There is serious danger that the filmmaker will rest content with such shapeless reproduction. In order that the film artist may create a work of art it is important that he consciously stress the pecu- liarities of his medium. This, however, should be done in such a manner that the character of the objects represented should not thereby be destroyed but rather strengthened, concentrated, and interpreted.
The second of the historically dominant answers to the question What is Cinema? Bazin offers a number of arguments in his writings for why this is so. One focuses on the fact that photographs mechani- cally record reality. When exposed, the chemicals on the surface of a film automatically register the light emanating from whatever the camera is pointing toward.
While I do not dispute that these two answers—the modernist and the realist— to the question What is Cinema? This answer constitutes a dis- tinct alternative to the historically dominant ones of modernism and realism.
It is this that sets them apart from realists such as Bazin, who believe in the capacity of the human eye to see reality as it really is, who have faith in normal human vision. On the bakery, the bread: series on journeyman bakers, seen in the cellar itself or through the air vents from the street.
No one has ever done monuments or houses from below, from beneath, up close, as one sees them going by in the streets. It is not a reliable source of information about reality.
Balázs: Realist or Modernist
Hou Hsiao-hsien: A new video lecture! How Motion Pictures Became the Movies. Constructive editing in Pickpocket : A video essay. Rex Stout: Logomachizing. Lessons with Bazin: Six Paths to a Poetics. Murder Culture: Adventures in s Suspense.
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Theory of the Film: Character and Growth of a New Art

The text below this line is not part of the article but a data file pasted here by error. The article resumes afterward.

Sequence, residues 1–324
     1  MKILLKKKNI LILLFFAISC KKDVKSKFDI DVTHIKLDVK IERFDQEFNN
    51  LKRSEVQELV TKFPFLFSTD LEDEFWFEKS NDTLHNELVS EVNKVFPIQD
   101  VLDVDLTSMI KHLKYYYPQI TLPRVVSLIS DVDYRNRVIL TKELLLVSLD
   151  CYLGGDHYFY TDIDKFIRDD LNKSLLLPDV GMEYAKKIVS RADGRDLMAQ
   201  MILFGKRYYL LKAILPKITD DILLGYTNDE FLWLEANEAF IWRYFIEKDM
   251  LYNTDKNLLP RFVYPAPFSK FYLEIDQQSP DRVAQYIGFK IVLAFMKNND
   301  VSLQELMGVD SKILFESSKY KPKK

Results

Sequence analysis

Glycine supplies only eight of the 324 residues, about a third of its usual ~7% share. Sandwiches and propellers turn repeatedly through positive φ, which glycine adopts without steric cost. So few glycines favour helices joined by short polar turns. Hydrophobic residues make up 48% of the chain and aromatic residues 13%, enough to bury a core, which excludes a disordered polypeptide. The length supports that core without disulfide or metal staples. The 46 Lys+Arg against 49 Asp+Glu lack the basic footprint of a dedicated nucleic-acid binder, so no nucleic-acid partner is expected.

This new film about the war-turning June Battle of Midway has caused controversy among various reviewers, but it seems to me - a military and naval history historian and game designer - to be a vast improvement over the previous Midway film, especially regarding the background and runup to the battle. London: D. Appleton and Company, Allan Langdale. New York: Routledge,
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Include Synonyms Include Dead terms. Back to results. The author, in this new edition of a classic on film theory, proposes that films have a greater influence on the minds of the general public than any other art form; therefore, a careful study of film is necessary to control and direct its potential influence. He delineates the early history of films, pointing out that not until 10 or 12 years after the invention of the motion picture camera did a truly visual language begin to emerge.
Bela Balazs Theory of Film
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Why are people not taught appreciate films? Dangers of Ignorance;II. Metaphorical montage; Poetic montage; Allegoric montage; Literary Intellectual metaphors; Associations of ideas; montage; Rhythm in montage; Speed in action and speed in cutting; Scene in ritordando, shots in accelerando; Length of shots; Rhythm of the sound film; Musical and decorative rhythm incutting; Subjective cutting;film; Inexpressive sport,. Sound cannot he isolated; Educating our ear: Sounds throw no shadow; Sounds have no Sound has a space colouring; Basic problem of sound reproduction; Sounds cannot be by images; Sound montage; Sound Asynchronous sound effects; The mostinstrument;. In particular Ms two books, publishedIE. He died as itthat. Balazs pointed out to his.
Theory of the Film: Character and Growth of a New Art B. Balázs; Published ; Art. Create Alert. Research Feed PDF. Alert. Research Feed. View 4 excerpts. Book Reviews. Alert. Research Experiential Empiricism and Children's Films Theory of Film: Character and Growth of a New Art - Bela Balazs.
Visual Culture, Ethnography, and Early German Cinema
Я отлично все понял! - Он уставил на Беккера костлявый указательный палец, и его голос загремел на всю палату. - Вы не первый. Они уже пытались сделать то же самое в Мулен Руж, в отеле Брауне пэлис и в Голфиньо в Лагосе. Но что попало на газетную полосу. Правда.
ГЛАВА 109 Командный центр главного банка данных АНБ более всего напоминал Центр управления полетами НАСА в миниатюре. Десяток компьютерных терминалов располагались напротив видеоэкрана, занимавшего всю дальнюю стену площадью девять на двенадцать метров.